Today, I walked to the Furnaceville Bike and Psych Shop and bought a new tube.  Then I went to the Local Hippie Grocery Store, where they have bicycle repair tools (because riding bikes saves the planet, dude!), and proceeded to use the tire shoe horn to take off the tire.  Shout-out to the dude who helped me with the tire shoe horn, and the store's door greeter who saw me struggling with the tire pump and gave me a hand.

FINALLY, after what seemed like hours of struggling with the stupid thing, I got everything back together.  Even filled up the front tire some more.  So now I have a bicycle with a back wheel that rubs against the frame making the most horrific noise, a gearshift that takes forever to shift the gears, a lousy kickstand, a chain that needs lubricant in a big bad way ... and two.  Working.  Tires.  Awesome.

So now it's okay for me to spend the afternoon watching TV, because I have Accomplished Something today.  Maybe tomorrow I'll fix the back wheel so it doesn't make that horrific "chain is about to shear off" noise when it rubs against the frame ...

Saturday, July 28, 2012

A Day Well Spent

Today was Sparring Day at karate.

I am soaked in sweat, utterly exhausted, bruised in strange places, and have become reacquainted with my old friend the dojo floor many times.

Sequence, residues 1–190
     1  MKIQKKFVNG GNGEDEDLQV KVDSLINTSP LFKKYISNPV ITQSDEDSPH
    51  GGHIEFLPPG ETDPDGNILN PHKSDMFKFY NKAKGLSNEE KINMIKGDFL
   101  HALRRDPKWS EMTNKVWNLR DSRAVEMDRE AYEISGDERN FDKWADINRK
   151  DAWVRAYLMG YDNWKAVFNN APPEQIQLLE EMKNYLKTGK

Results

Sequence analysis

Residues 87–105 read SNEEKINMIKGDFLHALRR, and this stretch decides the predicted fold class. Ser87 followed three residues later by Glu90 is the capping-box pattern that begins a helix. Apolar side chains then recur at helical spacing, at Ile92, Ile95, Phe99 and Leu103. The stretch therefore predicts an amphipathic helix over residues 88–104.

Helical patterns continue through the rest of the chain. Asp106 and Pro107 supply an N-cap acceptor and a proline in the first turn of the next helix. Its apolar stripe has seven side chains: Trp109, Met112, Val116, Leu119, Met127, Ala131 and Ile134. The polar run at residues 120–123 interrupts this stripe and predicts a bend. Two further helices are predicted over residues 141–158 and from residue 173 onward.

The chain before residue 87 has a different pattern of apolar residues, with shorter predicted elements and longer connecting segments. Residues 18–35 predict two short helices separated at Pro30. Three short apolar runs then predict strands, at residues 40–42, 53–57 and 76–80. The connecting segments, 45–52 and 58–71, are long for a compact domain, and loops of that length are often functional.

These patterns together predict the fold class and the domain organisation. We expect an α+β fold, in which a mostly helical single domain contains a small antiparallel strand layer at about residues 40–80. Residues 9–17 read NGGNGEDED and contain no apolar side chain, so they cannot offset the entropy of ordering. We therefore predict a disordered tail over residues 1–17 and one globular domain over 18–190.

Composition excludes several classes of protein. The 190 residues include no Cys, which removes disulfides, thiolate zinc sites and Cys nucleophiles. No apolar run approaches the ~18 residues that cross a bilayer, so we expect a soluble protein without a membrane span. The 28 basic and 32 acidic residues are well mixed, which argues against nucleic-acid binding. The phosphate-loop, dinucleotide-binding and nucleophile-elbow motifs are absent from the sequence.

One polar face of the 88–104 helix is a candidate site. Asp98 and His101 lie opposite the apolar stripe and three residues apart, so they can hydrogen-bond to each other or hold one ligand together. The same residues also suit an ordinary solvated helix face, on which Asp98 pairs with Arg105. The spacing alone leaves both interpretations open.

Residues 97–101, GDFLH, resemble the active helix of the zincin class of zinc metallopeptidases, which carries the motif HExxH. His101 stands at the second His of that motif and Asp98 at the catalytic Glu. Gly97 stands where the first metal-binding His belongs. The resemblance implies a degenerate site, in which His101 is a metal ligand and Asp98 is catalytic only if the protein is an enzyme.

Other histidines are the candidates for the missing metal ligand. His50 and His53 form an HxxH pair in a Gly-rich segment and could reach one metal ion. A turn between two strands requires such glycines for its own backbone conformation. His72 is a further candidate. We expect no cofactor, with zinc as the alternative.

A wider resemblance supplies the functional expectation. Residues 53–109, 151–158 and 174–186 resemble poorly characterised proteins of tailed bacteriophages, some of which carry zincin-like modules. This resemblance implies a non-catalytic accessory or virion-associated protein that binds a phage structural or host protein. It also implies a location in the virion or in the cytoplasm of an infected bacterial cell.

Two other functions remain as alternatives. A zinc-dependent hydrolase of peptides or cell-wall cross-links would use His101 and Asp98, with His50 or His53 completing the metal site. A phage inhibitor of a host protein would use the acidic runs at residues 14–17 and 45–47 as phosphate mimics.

Yessiree, I'd say this has been a day well spent.

Tuesday, July 24, 2012

Traffic Sources

On my blogger dashboard, it shows me all the stats for my blog.  I have had fifteen pageviews so far, which is pretty good seeing as I only started it last week.  Nobody's commented on anything yet, though, which is a shame.  I want to hear what those fifteen pageviewers have to say.

It also shows me the traffic sources.  One is EP Monthly, which is no surprise because I occasionally drop a comment on WhiteCoat's blog.  The other two are and, which is in French.  How did these websites get ahold of my URL?

Ah, well.  The Interweb works in mysterious ways.

If You're Going To Have Cardiac Arrest, Do It When I'm Around

Because as of yesterday, I am CPR certified!

It was an all-day class that I took from the Red Cross.  We got to practice on manikins, doing chest compressions and artificial respiration.  We also learned how to use an Automated External Defibrillator.  Those things are awesome because they tell you everything you need to do.  There was a little bit about first aid and choking, but it was mostly CPR/AED.

I hope I never need to use these skills (at least not until I'm an EMT and it's part of my job) but I feel safer knowing that I could help someone, if need be.

Sunday, July 22, 2012

Summer Has Come To Furnaceville

It was literally a hundred degrees in the shade yesterday.  Thank God for air conditioners and cold showers.

Speaking of cold (or lack thereof) did you know that if you cool a liquid beyond its freezing point but keep it moving, it doesn't freeze?  Instead it becomes SUPERCOOLED!

Book Shout-Outs

I'm going to start a series of posts that basically cure reader's block.  Tired of browsing library shelves until your eyes are sore?  Then come on over here and get tips on books that are worth your while.

Night Train To Rigel, by Timothy Zahn